Sentence Processing: A Crosslinguistic Perspective


Editor: Dieter Hillert
The innovative element of this volume is its overview of the fundamental psycholinguistic topics involved in sentence processing. While most psycholinguistic studies focus on a single language and induce a general model of universal sentence processing, this volume proposes a cross-linguistic approach. It contains two distinct features first embraced in the 18th century by brothers Freiherr Wilhelm von Humboldt and Alexander von Humboldt. First, it offers a linguistic theory that characterizes universal cognitive features of the human language processor (or the mind and its biological source), independent of a single language structure. Second, it contains a language theory which considers the diversity of linguistic structures and provides a powerful theory of language processing. Contributors cover a wide range of topics, including word recognition, fixed expressions, grammatical constraints, empty categories, and parsing. Their research involves analyses of 12 languages. This book provides an overview of central psycholinguistic topics in sentence processing; and combines deductive and inductive methods in fashioning an innovative approach. The contributors address word recognition, fixed expressions, grammatical constraints, empty categories, and parsing. Its original papers form a coherent presentation.
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Table of contents

D. Hillert, “From Alexander to Wilhelm von Humboldt: A Crosslinguistic Perspective”
K.V. Ahrens, “Lexical Ambiguity Resolution: Languages, Tasks, and Timing”
P. Li, “Crosslinguistic Variation and Sentence Processing: The Case of Chinese”
G. Hatano and K. Kuhara-Kojima, “Comprehension Repair in the Processing of a Short Oral Discourse Involving a Lexically Ambiguous Word”
Y. Hirose and A. Inoue, “Ambiguity of Reanalysis in Parsing Complex Sentences in Japanese”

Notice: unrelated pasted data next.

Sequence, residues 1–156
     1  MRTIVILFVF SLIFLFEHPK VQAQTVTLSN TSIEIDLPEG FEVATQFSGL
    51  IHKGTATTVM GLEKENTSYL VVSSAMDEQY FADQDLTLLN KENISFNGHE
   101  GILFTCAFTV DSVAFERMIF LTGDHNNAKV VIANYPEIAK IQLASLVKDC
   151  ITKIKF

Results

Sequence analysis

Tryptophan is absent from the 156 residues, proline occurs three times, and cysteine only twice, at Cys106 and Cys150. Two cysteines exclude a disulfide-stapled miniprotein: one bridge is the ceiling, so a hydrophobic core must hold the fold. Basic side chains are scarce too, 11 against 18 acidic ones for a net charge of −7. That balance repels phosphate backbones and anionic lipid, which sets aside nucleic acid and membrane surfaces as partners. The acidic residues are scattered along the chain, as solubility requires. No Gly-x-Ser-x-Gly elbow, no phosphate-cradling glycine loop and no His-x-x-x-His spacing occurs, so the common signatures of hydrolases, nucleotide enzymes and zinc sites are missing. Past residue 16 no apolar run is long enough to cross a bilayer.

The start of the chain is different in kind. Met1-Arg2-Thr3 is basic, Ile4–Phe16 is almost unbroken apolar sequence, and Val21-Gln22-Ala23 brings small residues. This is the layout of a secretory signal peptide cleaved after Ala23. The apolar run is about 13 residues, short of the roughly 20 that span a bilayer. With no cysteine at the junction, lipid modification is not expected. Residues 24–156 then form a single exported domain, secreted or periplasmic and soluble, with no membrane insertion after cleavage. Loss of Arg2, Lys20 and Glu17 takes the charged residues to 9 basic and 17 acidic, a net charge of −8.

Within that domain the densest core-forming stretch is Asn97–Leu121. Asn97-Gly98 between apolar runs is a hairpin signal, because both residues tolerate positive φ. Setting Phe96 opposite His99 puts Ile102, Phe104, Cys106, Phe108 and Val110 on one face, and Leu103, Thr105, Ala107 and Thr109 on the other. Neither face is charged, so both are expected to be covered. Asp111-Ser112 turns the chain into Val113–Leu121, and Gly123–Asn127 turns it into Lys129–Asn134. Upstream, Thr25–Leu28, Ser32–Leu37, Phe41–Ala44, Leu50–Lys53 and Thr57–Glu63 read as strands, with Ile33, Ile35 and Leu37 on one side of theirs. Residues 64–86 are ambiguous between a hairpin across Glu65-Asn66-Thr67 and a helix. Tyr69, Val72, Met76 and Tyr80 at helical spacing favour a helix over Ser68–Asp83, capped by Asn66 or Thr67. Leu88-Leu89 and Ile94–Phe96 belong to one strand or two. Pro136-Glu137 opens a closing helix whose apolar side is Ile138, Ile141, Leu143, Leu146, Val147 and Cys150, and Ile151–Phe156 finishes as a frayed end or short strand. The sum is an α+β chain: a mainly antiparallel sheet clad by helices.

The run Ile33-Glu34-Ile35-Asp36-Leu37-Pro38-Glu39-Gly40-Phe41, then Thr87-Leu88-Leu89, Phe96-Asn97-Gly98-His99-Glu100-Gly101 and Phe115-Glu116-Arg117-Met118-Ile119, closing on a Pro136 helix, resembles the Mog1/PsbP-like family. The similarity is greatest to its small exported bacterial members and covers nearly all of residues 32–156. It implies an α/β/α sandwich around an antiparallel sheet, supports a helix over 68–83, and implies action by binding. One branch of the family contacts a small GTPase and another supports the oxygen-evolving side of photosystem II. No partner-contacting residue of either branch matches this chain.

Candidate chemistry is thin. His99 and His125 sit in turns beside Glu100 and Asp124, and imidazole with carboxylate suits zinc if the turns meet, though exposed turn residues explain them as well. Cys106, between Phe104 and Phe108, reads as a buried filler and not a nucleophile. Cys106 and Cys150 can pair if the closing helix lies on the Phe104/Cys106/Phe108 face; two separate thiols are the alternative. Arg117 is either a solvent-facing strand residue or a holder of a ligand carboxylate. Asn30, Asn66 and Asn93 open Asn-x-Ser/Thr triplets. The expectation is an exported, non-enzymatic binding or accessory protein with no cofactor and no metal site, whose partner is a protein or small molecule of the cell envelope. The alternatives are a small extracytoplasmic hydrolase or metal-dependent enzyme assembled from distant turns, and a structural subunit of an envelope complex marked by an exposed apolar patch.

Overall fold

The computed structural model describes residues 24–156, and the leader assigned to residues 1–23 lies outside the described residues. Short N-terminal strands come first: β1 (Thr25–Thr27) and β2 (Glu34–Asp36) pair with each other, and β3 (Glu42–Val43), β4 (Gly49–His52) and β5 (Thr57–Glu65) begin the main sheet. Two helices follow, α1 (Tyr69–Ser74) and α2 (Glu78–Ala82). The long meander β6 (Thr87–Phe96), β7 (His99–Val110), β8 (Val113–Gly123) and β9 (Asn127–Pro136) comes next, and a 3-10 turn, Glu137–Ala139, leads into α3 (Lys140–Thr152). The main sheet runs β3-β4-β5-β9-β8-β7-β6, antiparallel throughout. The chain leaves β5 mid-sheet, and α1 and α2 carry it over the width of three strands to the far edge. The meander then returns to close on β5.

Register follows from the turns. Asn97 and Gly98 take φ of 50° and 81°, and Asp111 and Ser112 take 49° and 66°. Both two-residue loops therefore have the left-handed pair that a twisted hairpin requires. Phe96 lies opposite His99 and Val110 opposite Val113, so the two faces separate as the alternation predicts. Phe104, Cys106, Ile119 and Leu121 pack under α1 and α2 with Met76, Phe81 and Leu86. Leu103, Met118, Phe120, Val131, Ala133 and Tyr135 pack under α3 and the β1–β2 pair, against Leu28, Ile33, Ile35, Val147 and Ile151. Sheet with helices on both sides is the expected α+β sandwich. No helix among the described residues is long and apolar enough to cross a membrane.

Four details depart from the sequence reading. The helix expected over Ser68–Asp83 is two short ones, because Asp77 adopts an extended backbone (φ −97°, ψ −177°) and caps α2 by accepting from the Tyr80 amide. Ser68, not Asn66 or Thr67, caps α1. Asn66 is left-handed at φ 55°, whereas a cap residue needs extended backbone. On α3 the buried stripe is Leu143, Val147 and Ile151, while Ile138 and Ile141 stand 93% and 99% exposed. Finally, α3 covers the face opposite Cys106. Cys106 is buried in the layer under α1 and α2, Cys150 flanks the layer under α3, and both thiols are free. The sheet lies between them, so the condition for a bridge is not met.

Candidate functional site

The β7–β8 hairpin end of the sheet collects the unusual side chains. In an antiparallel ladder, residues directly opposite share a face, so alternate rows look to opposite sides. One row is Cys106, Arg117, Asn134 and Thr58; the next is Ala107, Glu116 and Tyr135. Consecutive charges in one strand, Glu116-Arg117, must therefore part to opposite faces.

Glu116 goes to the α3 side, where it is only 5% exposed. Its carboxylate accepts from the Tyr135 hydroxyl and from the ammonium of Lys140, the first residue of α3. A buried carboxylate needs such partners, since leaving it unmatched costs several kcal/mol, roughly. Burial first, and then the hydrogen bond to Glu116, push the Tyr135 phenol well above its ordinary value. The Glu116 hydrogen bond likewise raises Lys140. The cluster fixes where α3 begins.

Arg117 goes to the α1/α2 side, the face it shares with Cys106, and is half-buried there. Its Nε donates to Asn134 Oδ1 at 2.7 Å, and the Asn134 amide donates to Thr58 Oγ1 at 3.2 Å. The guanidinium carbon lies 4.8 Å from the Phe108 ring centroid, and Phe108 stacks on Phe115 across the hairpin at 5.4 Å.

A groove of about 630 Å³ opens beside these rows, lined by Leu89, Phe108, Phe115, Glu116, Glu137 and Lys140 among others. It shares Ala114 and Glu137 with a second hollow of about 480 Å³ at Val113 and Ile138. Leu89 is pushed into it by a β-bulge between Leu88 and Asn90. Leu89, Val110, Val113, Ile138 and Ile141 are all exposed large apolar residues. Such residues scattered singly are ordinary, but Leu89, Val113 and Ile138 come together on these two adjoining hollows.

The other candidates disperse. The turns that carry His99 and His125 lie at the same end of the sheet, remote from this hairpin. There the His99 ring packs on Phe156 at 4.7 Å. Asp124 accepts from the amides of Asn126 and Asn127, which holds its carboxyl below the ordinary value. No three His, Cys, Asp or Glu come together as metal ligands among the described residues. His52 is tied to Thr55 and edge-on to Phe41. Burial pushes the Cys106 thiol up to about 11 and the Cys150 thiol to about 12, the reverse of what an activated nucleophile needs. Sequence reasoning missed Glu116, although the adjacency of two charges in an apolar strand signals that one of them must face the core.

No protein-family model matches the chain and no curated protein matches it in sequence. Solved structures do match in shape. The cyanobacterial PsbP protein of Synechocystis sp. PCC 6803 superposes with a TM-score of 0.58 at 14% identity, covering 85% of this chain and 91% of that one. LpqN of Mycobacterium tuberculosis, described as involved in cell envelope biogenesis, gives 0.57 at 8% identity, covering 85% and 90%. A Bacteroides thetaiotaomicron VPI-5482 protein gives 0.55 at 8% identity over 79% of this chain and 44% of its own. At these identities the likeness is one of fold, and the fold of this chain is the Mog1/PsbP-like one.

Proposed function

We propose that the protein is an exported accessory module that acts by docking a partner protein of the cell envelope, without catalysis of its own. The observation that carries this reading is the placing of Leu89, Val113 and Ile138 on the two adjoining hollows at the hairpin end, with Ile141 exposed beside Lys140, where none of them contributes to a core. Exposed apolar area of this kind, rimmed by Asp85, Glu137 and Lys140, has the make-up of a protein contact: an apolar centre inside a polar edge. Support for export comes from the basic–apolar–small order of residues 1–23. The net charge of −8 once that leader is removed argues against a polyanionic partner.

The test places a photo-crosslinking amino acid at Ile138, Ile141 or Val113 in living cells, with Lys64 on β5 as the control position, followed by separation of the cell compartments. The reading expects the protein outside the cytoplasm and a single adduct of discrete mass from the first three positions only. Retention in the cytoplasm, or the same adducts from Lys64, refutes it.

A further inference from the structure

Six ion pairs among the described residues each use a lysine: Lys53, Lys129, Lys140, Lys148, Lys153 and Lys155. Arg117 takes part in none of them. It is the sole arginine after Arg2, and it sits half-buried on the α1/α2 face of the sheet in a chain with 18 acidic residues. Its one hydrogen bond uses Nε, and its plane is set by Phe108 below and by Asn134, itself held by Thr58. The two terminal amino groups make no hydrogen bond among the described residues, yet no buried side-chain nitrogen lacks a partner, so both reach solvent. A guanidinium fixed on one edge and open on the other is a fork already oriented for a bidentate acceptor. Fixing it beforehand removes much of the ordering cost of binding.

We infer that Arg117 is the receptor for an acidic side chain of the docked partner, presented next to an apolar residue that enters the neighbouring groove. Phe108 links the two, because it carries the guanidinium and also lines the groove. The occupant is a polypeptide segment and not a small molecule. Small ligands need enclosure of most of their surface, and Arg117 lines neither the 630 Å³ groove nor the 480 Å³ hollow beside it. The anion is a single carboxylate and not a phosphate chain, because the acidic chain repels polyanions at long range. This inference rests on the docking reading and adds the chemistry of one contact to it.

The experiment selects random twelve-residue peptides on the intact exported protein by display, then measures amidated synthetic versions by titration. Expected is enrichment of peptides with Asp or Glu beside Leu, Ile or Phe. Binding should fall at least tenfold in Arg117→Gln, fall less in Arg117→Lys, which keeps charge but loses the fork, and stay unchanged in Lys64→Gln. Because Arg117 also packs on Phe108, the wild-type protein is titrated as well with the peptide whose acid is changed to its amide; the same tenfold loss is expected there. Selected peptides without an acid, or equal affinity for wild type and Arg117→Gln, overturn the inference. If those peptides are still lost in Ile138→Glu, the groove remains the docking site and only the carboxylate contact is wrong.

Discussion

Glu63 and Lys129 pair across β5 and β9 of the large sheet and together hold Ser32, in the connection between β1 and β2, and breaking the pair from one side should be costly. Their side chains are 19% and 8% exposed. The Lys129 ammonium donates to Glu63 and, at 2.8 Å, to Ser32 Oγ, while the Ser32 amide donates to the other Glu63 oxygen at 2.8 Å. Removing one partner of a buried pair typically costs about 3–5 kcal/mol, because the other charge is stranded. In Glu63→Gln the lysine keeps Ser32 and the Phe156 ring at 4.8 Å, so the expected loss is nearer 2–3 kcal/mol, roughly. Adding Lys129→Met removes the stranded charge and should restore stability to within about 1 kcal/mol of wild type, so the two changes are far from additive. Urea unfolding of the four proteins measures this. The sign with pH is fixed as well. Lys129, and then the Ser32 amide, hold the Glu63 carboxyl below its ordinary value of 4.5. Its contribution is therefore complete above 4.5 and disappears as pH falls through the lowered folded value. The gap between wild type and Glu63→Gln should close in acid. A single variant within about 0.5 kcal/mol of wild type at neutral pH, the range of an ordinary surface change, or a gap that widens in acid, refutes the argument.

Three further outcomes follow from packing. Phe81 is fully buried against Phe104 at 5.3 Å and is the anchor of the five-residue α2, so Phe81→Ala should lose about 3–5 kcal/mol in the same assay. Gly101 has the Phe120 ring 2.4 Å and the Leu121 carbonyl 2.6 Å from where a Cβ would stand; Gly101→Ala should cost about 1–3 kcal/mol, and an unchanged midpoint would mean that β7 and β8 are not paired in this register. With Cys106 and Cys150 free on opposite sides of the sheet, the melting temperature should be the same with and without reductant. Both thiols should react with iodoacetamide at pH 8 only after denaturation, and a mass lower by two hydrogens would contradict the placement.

T. Sakamoto and M. Walenski, “The Processing of Empty Subjects in English and Japanese”
J. Nicol, “The Production of Agreement in English and Japanese: Animacy Effects (Or Lack Thereof)”
S. Borsky and L. Shapiro, “Context-Independent Sentence Processing”
T.E. Love and D.A. Swinney, “The Influence of Canonical Word Order on Structural Processing”
M.I. Stamenov and E. Andonova, “Lexical Access and Coreference Processing in Bulgarian”
J.E. Garcia-Albea et al., “The Contribution of Word Form and Meaning to Language Processing in Spanish: Some Evidence from Monolingual and Bilingual Studies”
R. Thornton et al., “Accounting for Cross-Linguistic Variation: A Constraint-Based Perspective”
J. Pynte, “The Time Course of Attachment Decisions: Evidence from French”
D. Hiller, “Verb Processing in German and English: Ambiguity, Discontinuous Forms, and Thematic Complexity”
T. Herrmann and J. Grabowski, “The Dimensional Conception of Space and the Use of Dimensional Prepositions in Different Languages”
B. Hemforth et al., “Syntactic Ambiguity Resolution in German”
D.C. Mitchell and M. Brysbaert, “Challenges to Recent Theories of Language Differences in Parsing: Evidence from Dutch”
M. De Vicenzi, “Syntactically Based Parsing Strategies: Evidence from Typologically Different languages”
A. Devescovi et al., “The Development of Sentence Comprehension in Italian and Serbo-Croatian: Local Versus Distributed Cues”
L. Colombo, “Role of Context in the Comprehension of Italian Ambiguous Idioms”
C. Cacciari, “Compactness and Conceptual Complexity of Conventionalized and Creative Metaphors in Italian”

Subject Index
Author Index

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